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Spokane, Washington  Est. May 19, 1883
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Black prosecutor urges drivers, police to cool it

Associated Press

PORTLAND — The former president of the National Black Prosecutors Association told about 150 community members that police officers need training to handle tense situations and motorists need to demonstrate responsible behavior when stopped by police.

Sheryl Robinson made her comments Saturday at a sometimes contentious forum near the Portland neighborhoods where police fatally shot two unarmed black motorists within a year.

The most recent shooting, the March 28 police killing of James Jahar Perez during a traffic stop, has already been debated in public hearings. But angry feelings remain among people who say they have been stopped unfairly by police because of their race.

Robinson said police officers are forced to make difficult and controversial decisions within a matter of seconds, sometimes without complete information.

“There is no such thing as a routine traffic stop,” said Robinson, who has investigated for the U.S. Department of Justice hundreds of cases tied to police misconduct.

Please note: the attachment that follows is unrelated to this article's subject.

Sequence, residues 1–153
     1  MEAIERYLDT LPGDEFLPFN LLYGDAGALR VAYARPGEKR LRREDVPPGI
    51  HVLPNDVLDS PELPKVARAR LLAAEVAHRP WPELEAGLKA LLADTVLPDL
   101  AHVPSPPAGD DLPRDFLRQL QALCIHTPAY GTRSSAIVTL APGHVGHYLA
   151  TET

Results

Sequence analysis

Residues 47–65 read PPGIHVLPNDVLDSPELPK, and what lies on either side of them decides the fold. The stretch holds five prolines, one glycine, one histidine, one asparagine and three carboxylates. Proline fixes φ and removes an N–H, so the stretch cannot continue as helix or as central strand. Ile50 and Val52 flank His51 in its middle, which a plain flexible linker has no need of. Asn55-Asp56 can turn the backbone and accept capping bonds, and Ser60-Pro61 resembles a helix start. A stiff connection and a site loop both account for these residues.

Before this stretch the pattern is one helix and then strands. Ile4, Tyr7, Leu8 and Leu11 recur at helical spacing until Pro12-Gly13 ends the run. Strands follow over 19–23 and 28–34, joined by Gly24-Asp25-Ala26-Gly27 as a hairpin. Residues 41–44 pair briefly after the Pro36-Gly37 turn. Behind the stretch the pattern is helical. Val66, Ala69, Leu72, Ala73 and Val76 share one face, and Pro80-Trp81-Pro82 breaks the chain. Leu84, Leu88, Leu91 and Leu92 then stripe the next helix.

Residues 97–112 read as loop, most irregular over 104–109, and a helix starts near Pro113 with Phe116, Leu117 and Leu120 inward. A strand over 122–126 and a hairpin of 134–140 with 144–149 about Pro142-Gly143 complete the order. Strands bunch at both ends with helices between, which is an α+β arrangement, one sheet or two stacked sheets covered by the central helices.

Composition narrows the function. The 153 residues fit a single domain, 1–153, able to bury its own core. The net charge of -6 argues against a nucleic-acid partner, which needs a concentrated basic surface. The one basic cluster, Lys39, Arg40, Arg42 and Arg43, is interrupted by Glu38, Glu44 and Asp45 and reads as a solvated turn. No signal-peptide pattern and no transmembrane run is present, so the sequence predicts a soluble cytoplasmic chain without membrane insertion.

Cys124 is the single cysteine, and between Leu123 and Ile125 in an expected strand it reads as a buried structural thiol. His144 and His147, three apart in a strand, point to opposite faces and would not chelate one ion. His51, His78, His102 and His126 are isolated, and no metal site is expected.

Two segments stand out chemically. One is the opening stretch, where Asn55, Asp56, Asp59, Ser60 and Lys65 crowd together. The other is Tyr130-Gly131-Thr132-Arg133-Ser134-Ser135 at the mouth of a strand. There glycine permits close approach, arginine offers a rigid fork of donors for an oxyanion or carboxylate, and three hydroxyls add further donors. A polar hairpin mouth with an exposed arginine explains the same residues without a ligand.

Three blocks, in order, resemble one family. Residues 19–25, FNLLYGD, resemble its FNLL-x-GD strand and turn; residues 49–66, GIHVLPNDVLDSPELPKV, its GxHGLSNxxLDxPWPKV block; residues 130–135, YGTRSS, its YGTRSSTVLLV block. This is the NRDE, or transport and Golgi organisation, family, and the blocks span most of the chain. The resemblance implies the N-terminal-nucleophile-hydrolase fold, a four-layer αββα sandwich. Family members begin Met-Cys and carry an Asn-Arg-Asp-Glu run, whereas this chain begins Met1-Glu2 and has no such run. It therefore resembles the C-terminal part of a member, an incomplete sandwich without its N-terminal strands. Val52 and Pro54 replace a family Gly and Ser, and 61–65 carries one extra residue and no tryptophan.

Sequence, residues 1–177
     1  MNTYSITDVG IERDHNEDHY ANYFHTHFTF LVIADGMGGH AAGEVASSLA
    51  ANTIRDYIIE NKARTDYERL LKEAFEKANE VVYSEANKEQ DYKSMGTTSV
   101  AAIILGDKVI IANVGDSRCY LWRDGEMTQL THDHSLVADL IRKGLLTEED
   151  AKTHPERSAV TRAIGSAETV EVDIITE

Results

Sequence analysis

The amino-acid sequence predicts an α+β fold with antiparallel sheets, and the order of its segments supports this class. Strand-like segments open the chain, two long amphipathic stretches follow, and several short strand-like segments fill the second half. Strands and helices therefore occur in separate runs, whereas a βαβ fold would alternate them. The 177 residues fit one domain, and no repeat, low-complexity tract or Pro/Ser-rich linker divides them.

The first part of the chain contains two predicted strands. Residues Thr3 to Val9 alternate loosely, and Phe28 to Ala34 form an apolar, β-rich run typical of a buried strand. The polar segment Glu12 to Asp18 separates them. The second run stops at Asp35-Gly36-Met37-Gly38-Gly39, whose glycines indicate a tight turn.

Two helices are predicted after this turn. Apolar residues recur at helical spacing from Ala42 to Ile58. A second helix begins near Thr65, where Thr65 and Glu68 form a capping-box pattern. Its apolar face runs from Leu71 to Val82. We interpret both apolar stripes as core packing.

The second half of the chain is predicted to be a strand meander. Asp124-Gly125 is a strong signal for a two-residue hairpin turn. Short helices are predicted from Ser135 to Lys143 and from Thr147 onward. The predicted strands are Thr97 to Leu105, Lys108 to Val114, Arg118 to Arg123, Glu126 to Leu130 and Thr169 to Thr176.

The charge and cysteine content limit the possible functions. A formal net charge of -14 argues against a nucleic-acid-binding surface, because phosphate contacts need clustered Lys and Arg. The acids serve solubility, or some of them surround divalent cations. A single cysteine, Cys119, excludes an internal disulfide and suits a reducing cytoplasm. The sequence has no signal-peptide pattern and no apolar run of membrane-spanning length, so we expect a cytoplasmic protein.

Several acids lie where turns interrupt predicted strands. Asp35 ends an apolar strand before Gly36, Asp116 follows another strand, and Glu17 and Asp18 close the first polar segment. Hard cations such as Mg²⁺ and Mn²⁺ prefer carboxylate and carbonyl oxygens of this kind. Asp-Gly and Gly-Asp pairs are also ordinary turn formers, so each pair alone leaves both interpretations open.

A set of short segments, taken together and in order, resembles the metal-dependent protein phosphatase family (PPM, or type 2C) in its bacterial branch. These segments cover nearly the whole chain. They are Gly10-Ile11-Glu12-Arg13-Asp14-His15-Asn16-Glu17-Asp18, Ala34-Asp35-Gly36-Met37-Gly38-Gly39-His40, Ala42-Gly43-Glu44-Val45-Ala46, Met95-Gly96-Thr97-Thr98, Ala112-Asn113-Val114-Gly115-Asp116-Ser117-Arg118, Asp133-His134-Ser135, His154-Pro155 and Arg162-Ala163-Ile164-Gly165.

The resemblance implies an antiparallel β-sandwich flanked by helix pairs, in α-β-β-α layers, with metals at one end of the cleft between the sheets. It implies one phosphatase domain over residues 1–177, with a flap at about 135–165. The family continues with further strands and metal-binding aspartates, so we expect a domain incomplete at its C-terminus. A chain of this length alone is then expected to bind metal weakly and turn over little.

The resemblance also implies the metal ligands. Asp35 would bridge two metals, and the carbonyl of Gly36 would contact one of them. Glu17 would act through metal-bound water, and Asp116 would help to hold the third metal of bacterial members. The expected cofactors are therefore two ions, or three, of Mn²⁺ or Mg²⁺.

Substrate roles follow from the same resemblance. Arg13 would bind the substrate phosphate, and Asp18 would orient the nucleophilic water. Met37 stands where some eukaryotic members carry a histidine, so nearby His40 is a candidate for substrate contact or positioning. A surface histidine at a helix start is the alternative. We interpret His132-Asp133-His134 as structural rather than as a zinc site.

She said it was important for police officers to receive extensive training on such situations and that other cities have spent millions of dollars to improve handling of tense situations. Citizens should demonstrate reasonable behavior, she said, such as turning off the engine and radio when stopped by police.

One audience member shouted that he had a right to listen to his radio without being harassed.

“We have to follow rules,” Robinson said. “During the traffic stop is not the time to make that complaint. This is a life and death situation, and I want you to come out of this alive.”

Robinson later joined a panel discussion with several lawyers, state Sen. Avel Gordly and mayoral candidate and former police chief Tom Potter.

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